Tips for Working from Home Amid Self Isolation

With so many closures and directives to self-isolate as our community grapples with the COVID-19 pandemic, many more parents are working from home, many for the first time.

Welcome to the work-from-home-parent choas workforce! I’ve been working from home, full-time for all 12 years that I’ve been a mom. As a remote work veteran, I have a few tips that I hope might make your time working from home a little easier.

My best advice is, of course, to have childcare. But, since that’s not likely in these days of self-isolation and quarantine, here are my tips to help keep you sane and productive while doing both your full-time jobs of parenting and working at the same time.

Tips for Working From Home

Stick to Your Regular Office Hours and Focus on Work during Them

Do you work 8 a.m. to 5 p.m. in the office? If so, make that your schedule at home, too. This will help you have a normal routine and stay productive. It will also help you avoid feeling like work is consuming your whole life since you never get to leave. Also, while you are already trying to work and do parenting all at the same time, don’t add in the expectation that you can take care of the house, work on hobbies, help the kids with creative projects, or whatever else. Even if it seems like you should be able to juggle all the things, the truth is you probably can’t.

Save the non-work stuff for the hours when you are off the clock. Your focus is already going to be split enough between work and caring for your kids. Don’t make it harder for yourself by trying to add other things into the mix.

Give Yourself a Dedicated Workspace

Whether you have the luxury of a home office, can hide out in your bedroom, or you can work from the dining room table, having a space that is just for you and just for work makes a big difference. If your kids are old enough to understand, let them know that when you are in that space, to the greatest degree possible, you are working, not mom-ing.

Accept that Your Kids are Going to be Counterproductive to Your Workday and Take Steps to Address It

For older kids, I honestly have no trouble parking them in front of the TV or telling them they are responsible for making their own fun while I am working. When my first grader was home for a week with the flu last month, I think she watched two full seasons of She-Ra in just two days and I’m not sorry. She enjoyed it and I was able to meet deadlines.

When you have younger kids, this is a lot harder. In an ideal world, babysitters are what make your work-from-home workday possible when you have little ones. In today’s COVID-19 world, that might not be possible. If you’ve got to supervise the baby, toddler, or preschooler, try to plan your workday to capitalize on their nap time or quiet time. Plan calls or video chats during those times and save the hardest projects that require your focus for those times.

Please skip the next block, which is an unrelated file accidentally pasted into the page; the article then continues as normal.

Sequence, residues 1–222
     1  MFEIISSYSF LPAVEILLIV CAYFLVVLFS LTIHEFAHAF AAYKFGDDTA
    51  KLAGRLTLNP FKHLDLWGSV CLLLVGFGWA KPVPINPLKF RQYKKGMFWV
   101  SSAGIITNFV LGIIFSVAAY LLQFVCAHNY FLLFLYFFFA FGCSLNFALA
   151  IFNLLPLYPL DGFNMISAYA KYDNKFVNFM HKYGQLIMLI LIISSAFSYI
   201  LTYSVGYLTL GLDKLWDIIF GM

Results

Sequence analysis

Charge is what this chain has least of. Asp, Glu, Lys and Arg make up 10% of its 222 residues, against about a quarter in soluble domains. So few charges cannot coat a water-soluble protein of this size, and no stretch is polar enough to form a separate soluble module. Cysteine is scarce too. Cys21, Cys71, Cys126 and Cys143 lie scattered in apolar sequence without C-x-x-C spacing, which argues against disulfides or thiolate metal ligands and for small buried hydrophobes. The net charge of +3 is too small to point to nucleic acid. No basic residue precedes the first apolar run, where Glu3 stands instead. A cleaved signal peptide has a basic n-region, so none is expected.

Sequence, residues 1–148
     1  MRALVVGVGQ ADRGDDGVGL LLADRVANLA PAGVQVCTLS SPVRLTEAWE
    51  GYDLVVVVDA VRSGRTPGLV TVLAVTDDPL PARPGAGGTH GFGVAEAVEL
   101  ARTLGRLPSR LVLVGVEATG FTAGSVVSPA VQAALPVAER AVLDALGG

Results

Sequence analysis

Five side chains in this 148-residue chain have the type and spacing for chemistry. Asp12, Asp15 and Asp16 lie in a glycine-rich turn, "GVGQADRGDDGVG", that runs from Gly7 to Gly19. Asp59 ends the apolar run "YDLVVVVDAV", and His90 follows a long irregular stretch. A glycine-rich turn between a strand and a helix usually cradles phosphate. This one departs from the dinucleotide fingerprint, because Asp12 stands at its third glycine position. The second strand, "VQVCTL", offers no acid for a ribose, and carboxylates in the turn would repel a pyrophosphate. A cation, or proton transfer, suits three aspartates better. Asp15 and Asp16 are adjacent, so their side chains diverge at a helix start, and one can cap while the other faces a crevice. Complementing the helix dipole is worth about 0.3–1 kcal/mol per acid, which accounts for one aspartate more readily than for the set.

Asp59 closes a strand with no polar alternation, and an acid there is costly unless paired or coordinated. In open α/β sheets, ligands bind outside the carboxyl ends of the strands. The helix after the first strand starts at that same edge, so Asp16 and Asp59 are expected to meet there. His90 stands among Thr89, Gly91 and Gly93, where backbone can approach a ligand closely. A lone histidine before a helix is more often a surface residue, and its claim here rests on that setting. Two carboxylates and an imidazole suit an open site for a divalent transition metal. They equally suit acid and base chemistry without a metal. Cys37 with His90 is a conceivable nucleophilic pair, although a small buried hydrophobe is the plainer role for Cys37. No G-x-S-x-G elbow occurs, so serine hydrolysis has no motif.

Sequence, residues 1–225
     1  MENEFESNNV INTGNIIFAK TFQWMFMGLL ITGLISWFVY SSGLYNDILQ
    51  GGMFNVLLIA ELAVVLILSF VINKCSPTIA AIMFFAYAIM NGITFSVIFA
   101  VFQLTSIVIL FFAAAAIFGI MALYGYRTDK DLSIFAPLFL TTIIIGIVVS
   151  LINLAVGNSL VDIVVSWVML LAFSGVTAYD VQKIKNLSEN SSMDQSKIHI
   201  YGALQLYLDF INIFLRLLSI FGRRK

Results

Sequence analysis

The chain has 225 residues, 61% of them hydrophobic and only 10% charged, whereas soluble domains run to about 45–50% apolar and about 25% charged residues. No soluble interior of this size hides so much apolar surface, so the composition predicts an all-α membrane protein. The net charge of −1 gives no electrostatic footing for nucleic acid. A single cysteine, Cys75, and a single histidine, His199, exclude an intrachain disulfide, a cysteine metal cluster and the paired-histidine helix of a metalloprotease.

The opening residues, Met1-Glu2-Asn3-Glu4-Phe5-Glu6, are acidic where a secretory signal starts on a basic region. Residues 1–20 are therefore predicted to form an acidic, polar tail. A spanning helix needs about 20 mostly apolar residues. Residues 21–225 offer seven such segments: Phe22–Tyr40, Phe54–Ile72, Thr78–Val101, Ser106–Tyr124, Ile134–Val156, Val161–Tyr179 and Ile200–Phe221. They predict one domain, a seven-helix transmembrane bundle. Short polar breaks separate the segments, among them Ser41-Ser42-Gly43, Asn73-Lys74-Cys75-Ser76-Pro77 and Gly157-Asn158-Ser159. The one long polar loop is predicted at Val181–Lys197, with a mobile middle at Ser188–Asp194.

Get Outside When You Can

Unless you are quarantined or the weather is miserable, take a little time to get outside. On your lunch break, take your kids for a walk or go sit or play with them in the backyard. When you’re in your house all the time, it feels really good and energizing to go outside.

Talk to People

Make sure you are staying connected to your coworkers. Pick up the phone. Zoom, Skype, or FaceTime when you can. Staying connected beyond typed words on a screen is actually really important to both your productivity and your state of mind.

Expect the Unexpected and Roll with It!

Do you remember that dad doing whose baby and toddler broke into the bedroom while he was doing an interview on live TV? That’s your life now. In my case, I’ve conference called while potty training, held crying babies while talking to my staff and boss, and had a million other difficult moments while working from home and parenting.

The good news is, a lot of people are in the same boat, with the same struggles as you. They get it. You’ll give them a little grace and they’ll do the same for you as we all muddle through this together.

Tips for Working From Home Amid COVID-19

Laura is a mom of three who works full-time from home as a Development Director for a children’s charity. Laura grew up in Maryland, spent her 20s living in Southern California and South Carolina, and has spent her 30s and now 40s in Iowa, moving to Iowa City in 2010. Laura loves dancing, reading, baking, and music. She and her husband Ryan started dating in college (gasp – over 20 years ago!) and they have been sharing life’s adventures ever since. Their biggest adventure is, of course, parenthood. With three kids, the action is non-stop - which is just the way Laura likes it.


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